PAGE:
Posts Tagged ‘diabetic foot’
When there is a lack of blood flow and circulation is impaired from the heart to the foot, a condition known as ischemic foot may arise. Arterial insufficiency may occur due to a blood clot, cholesterol build up in the main artery or injury to the artery.
Ischemic foot means that there is not enough blood flow reaching the foot and providing the area with oxygen and nutrients needed to operate and function properly. The result can be extremely painful and cause the affected individual a lot of problems. Mobility problems, skin integrity disorders and even tissue death may occur due to the lack of circulation and blood flow to the foot.
Diagnosis of Ischemic Foot
Early symptoms of ischemic foot may include discoloration of the skin, cramping of the foot and toe muscles when walking, and extremely cold feet that are difficult to warm up. Later symptoms, after the condition has progressed, may include ulceration and dying skin. Gangrene and severe infection may result from the decreased blood flow in the foot.
Your Phoenix foot doctor will use a series of tests to help diagnose ischemic foot. A physical examination, arterial Doppler testing, and x-rays may be needed to determine the severity of the problem.
Treatment for Ischemic Foot
The earlier the condition is diagnosed, the earlier it can be treated. When an ischemic foot problem is treated early, the patient has a better chance of improvement.
During the early stages of the condition, your podiatrist in Phoenix may recommend walking exercises to improve circulation. Protective shoes may be necessary to prevent friction and rubbing against the skin. When excessive rubbing occurs, ulcers and skin wounds may occur. Medications are also recommended for improved blood flow to the foot.
When the condition has advanced, more aggressive treatment may be required to eliminate the painful symptoms and improve blood flow to the feet. Your foot and ankle doctor may refer you to a vascular specialist who can work with your condition and design an effective treatment plan. If surgery is required to remove a blood clot, further evaluation may be required.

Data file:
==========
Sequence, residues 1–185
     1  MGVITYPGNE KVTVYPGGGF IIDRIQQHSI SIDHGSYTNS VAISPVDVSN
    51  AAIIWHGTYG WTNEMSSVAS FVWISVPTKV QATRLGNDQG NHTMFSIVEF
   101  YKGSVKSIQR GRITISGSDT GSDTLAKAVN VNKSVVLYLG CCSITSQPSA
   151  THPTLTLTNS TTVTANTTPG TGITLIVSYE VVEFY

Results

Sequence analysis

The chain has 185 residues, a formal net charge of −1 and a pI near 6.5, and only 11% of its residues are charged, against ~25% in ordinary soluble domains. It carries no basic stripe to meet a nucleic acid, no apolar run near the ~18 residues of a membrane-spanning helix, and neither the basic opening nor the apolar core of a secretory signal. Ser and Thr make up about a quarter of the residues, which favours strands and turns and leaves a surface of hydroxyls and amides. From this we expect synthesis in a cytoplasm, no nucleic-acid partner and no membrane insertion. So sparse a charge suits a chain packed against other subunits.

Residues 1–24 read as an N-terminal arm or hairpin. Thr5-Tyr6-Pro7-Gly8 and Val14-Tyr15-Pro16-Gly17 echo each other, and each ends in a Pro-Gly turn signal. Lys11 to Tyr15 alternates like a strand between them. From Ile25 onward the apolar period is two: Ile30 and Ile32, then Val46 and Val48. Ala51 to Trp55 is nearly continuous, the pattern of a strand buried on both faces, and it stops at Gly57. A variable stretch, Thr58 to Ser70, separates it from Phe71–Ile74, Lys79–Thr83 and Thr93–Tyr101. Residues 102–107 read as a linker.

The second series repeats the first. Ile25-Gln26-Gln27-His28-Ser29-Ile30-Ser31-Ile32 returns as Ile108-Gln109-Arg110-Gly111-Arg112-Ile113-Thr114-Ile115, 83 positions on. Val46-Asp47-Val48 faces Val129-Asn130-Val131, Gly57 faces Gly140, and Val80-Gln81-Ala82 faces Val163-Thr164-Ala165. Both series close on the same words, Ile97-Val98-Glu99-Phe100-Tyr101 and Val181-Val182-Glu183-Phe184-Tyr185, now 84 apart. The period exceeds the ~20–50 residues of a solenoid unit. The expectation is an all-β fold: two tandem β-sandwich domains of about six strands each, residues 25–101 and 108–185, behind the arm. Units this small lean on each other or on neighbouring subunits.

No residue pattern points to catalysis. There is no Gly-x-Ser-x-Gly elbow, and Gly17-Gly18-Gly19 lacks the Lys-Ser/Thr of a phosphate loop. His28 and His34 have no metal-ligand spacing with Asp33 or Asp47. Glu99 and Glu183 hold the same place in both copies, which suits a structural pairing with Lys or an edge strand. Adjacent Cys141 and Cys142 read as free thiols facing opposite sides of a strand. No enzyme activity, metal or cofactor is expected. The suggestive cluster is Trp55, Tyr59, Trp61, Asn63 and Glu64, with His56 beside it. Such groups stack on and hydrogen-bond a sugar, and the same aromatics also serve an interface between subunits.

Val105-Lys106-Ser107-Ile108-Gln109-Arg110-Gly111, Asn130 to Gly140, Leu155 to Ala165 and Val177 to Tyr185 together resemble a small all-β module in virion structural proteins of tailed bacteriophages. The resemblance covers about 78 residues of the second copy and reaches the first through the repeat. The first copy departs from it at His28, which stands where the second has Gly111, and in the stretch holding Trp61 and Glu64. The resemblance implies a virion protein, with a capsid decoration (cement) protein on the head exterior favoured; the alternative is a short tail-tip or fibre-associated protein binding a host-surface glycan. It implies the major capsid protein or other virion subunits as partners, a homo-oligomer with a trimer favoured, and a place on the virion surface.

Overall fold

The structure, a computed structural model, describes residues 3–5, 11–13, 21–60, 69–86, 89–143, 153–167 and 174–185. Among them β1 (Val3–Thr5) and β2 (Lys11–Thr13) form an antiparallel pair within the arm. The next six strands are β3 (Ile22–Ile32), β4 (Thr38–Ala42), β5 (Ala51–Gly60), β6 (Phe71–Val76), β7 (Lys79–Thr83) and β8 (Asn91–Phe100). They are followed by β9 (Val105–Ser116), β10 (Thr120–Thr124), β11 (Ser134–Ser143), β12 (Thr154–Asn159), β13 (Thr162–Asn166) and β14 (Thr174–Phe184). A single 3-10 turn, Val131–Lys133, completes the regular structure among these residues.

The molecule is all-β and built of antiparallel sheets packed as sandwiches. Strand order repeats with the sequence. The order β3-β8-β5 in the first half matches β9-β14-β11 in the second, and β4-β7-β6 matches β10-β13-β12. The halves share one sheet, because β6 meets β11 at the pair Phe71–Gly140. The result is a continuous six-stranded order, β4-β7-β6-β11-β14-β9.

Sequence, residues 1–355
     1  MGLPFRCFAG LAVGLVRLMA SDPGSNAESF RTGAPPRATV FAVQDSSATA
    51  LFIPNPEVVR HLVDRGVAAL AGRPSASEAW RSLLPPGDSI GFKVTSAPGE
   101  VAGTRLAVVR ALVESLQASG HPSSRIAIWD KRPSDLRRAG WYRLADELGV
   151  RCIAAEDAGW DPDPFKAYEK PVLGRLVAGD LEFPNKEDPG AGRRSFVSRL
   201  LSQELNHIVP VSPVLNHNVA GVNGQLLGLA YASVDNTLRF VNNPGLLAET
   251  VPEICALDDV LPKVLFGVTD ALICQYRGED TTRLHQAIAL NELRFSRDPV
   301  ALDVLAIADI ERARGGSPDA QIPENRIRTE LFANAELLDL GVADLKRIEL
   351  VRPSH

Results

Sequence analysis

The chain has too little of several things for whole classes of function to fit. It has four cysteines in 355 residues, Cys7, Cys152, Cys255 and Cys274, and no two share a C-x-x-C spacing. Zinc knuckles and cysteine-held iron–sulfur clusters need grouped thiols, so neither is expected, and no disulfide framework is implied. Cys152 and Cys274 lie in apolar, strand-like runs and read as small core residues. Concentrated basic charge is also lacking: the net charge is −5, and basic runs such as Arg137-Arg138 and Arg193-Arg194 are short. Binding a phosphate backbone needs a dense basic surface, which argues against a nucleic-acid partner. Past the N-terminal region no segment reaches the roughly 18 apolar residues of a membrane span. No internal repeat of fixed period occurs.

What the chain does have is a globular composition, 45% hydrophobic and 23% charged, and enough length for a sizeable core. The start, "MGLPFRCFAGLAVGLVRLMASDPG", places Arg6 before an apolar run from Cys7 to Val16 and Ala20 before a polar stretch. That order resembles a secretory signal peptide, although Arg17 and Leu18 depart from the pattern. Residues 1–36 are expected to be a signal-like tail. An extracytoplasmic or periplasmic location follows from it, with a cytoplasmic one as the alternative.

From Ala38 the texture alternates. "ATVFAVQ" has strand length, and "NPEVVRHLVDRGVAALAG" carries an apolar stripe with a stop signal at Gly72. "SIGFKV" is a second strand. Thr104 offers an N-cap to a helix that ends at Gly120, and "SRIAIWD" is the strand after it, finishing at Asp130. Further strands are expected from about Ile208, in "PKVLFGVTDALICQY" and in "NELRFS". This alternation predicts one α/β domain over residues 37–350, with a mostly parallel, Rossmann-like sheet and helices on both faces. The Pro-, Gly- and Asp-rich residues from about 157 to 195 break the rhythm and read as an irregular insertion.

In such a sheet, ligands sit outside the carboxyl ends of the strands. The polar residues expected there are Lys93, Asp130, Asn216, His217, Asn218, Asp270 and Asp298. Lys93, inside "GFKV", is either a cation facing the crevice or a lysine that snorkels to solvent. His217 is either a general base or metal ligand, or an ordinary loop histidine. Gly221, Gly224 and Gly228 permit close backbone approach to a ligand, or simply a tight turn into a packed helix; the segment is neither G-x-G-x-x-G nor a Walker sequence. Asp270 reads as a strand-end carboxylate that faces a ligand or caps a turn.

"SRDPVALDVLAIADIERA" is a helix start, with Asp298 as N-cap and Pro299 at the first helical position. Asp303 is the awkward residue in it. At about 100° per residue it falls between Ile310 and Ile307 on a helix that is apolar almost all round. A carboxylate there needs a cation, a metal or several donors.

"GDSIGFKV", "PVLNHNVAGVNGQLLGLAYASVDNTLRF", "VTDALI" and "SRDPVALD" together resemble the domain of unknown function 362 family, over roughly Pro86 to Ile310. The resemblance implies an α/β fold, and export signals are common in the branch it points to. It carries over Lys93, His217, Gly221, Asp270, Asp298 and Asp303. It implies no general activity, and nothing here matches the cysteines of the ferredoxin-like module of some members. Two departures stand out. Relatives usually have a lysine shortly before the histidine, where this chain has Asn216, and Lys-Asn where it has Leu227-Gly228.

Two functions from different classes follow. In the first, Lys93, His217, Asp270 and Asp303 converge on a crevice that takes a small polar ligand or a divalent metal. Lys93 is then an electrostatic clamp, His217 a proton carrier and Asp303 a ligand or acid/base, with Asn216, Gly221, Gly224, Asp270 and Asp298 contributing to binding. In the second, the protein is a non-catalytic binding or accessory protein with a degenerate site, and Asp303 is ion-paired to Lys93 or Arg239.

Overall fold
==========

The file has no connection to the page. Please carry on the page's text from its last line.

Your podiatrist will work wit you to improve circulation and prevent serious problems from occurring. Serious problems that can arise if treatment is not received include infected ulcerations on the skin and tissue death. In the event that tissue death is severe, amputation could be the end result. It is important to see a podiatrist concerning your ischemic foot problems and have the condition evaluated and treated.
Scottsdale Neuropathy Institute provides first rate treatment to those suffering from painful feet due to neuropathy and other conditions. For the best diabetic neuropathy and peripheral neuropathy treatment in the Southwest, call (480) 994-5977.
A person with diabetes should carefully examine their feet daily to properly care for the integrity of the skin. Since neuropathy in the lower extremities can occur in patients with diabetes, it is important to properly care for the feet. Numbness may result in decreased sensitization and result in feet abrasions, sores, cuts and ulcers.
When proper foot care is unlikely at home, patients who require medical treatment do so from an AZ foot doctor. Medical treatment may be necessary if diabetic foot ulcers have developed due to improper care. Even patients who instill proper home remedies and daily foot care are susceptible to foot ulcers where medical treatment is required. Below are the medical treatments commonly offered by a Scottsdale podiatrist for diabetic foot care.
Administration of Antibiotics
If the Phoenix foot doctor determines that a wound or ulcer on the patient’s feet or legs is infected, or if the wound has high a risk of becoming infected, antibiotics will be prescribed to treat the infection or the potential infection. It is critical that the patient take the prescribed antibiotics as instructed to prevent and fight off any infection.
Generally, the patient should see some improvement in the wound in two to three days and may see improvement the first day. If the infection is limb or life threatening, the patient may be admitted to the hospital and given antibiotics intravenously. The Scottsdale foot and ankle doctor may give a single dose of antibiotics as a shot or IV dose prior to starting pills in the clinic or emergency department.